"Historically the housing market and construction and such was the lead in most recoveries or at least a concurrent or leading indicator, this time around it is nowhere to be found," Afshar said.
Big names, small names
Some of the hiring in 2011 will come for the region's national brand names: Crayola, Olympus, PPL, Air Products and Lutron are among big-name local employers who are expected to hire 10 or more people in 2011.
PPL expects to hire about 300 to 400 people a year in fields like engineering, electrical and mechanical occupations, information technology, finance and power mechanic and operator over the next several years, mostly to replace workers who retire or leave the company, said Andrew Kantner, manager of recruitment and selection.
Finding candidates whose skills match up exactly with PPL's needs, especially in some of the engineering fields, can be challenging. The company has been partnering with technical schools and universities to try to get the word out.
The Lehigh Valley has about 300 companies with more than 100 workers, Wendt said, but more than 11,000 companies with nine or fewer workers will account for much of the hiring.
"They are probably in an industrial park with no name on the masthead," Wendt said. "They come to us and they are looking for workers, but the workers don't know those jobs exist."
Palmer Township's Gray Connective isn't exactly a household name, but the 60-person company that specializes in helping its customers improve energy efficiency has been growing and gradually adding employees. Last year, they added two electrical workers and may add two more this year.
With electricity and fuel prices rising, more companies are looking to reduce their energy costs, which creates demand for Gray's services, said Mike Gibson, Gray Connective's vice president of sales development.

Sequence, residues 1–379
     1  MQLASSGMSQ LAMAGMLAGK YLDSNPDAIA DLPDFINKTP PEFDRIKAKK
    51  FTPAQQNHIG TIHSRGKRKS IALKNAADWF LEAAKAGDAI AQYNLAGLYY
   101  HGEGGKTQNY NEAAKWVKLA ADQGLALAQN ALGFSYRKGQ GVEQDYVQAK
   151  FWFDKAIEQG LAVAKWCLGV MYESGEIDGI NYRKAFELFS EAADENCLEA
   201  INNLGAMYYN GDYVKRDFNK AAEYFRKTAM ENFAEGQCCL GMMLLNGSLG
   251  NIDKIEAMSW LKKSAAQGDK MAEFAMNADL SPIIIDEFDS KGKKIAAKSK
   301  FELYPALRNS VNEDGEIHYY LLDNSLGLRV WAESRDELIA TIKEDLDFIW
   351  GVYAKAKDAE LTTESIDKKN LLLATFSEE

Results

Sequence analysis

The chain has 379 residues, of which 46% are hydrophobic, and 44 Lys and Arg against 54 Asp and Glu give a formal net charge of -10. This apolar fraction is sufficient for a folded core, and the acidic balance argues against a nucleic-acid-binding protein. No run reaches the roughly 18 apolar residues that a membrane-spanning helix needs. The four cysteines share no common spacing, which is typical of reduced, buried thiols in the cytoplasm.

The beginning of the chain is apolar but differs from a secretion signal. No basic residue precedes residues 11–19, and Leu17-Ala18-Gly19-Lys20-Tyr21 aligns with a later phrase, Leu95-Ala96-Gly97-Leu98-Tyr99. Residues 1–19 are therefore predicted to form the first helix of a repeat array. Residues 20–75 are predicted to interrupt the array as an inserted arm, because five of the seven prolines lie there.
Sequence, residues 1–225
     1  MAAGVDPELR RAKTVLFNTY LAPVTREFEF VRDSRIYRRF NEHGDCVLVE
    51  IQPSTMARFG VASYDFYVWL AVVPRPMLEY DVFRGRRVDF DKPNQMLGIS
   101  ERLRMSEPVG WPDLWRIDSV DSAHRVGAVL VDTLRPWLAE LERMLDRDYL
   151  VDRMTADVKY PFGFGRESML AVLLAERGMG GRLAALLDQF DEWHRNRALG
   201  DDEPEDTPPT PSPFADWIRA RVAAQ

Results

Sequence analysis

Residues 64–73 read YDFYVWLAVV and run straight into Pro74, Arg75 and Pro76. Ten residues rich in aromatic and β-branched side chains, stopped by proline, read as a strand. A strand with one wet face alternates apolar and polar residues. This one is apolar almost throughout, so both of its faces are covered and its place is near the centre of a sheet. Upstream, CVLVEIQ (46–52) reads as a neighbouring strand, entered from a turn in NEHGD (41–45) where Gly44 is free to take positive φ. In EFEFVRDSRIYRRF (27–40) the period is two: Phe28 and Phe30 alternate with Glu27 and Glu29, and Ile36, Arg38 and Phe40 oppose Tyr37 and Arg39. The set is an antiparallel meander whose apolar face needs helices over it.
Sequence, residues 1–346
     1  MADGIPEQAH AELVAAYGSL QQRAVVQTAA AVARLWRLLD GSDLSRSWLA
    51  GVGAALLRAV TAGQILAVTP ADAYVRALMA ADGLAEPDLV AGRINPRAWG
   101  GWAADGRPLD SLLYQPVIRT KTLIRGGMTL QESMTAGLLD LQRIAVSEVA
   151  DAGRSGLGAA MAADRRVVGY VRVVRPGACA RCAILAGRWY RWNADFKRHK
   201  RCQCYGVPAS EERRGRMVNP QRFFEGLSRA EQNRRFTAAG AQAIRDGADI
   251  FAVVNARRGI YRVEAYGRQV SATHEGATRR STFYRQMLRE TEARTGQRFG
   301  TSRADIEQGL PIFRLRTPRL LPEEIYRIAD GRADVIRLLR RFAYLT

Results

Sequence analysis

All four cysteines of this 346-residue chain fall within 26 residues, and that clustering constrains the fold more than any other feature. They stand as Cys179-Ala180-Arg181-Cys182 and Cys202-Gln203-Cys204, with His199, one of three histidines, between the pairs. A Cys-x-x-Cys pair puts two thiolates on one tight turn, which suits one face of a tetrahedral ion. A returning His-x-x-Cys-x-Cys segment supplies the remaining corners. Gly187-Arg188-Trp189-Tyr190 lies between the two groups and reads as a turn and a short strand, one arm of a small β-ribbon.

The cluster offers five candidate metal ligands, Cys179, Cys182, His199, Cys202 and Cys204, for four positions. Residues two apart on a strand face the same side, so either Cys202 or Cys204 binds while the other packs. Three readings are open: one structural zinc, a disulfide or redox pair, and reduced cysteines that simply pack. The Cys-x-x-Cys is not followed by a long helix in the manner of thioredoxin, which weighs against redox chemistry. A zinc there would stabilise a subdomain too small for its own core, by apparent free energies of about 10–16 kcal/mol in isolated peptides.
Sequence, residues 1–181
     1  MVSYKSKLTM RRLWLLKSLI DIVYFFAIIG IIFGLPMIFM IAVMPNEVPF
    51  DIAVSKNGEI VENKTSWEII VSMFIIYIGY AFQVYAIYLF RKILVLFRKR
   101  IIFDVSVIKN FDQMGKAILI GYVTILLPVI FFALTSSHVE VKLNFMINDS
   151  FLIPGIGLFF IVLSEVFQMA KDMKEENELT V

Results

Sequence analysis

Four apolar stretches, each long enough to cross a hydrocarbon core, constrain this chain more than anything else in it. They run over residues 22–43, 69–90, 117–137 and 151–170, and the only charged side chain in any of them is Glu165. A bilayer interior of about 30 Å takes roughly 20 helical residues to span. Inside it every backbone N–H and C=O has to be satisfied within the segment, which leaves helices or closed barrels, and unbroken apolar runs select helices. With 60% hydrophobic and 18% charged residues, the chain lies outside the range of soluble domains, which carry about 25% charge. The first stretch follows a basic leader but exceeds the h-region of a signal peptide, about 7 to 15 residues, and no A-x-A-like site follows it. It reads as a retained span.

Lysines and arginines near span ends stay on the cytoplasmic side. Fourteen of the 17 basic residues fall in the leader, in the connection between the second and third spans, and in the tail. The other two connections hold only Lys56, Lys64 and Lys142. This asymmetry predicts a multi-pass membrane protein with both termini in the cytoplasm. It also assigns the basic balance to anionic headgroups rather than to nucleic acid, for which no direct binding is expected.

"The Lehigh Valley is full of small and midsized companies like ours who are growing and adding employees and looking for new niches," Gibson said.
Finding a job is hard work
Finding a job in 2011 will require workers to be proactive, to search in every corner of the Internet, attend every job fair and chamber of commerce mixer and update their training with the skills and credentials employers need, said Nancy Dischinat, executive director of the Workforce Investment Board.
A new "job spidering" tool developed by the State Department of Labor and Industry can help job seekers by scouring the Web and other job boards for openings.
"In this economy it is not easy," Dischinat said. "It's not easy knowing what to be. It is not easy deciding what kind of training to go into. It is not easy finding employers who are hiring. You don't just sit at home and wait. You must be totally engaged and committed in your job search and you have to have a plan and you have to be skilled and you have to be smarter."
Part of that plan should include job training, Dischinat said. Outside of low-paying entry-level jobs in retail or at local distribution centers or call centers, most career-track jobs require post-secondary training and in many cases, some type of professional certification, whether you are installing solar panels or cleaning teeth.
In some fields, such as skilled manufacturing, employers can't find enough qualified workers. And technology skills remain in high demand.
Allentown's Akrion Systems, which makes equipment used in the manufacture of computer chips, semiconductors and more recently solar cells, hired 30 people last year, bringing its total employment to about 130 workers, said Joe McManus, the company's director of marketing.
The company expects to hire as many as 30 more people this year, many in engineering and technical service occupations, but also some in manufacturing, he said.
"As our business has been coming back, each time we continue to increase our revenue or sales backlog, we make the decision we will fill this opening or that opening," McManus said. "
Employers in every sector, from food service to warehousing, are looking for workers who can demonstrate they are comfortable with computers and the latest technology, Wendt said.
"In logistics, the person who drives a forklift now carries a PDA that shows them and tells them what they are doing," he said. "They go and swipe it, they put the thing in the truck, they swipe it again, it creates the manifest."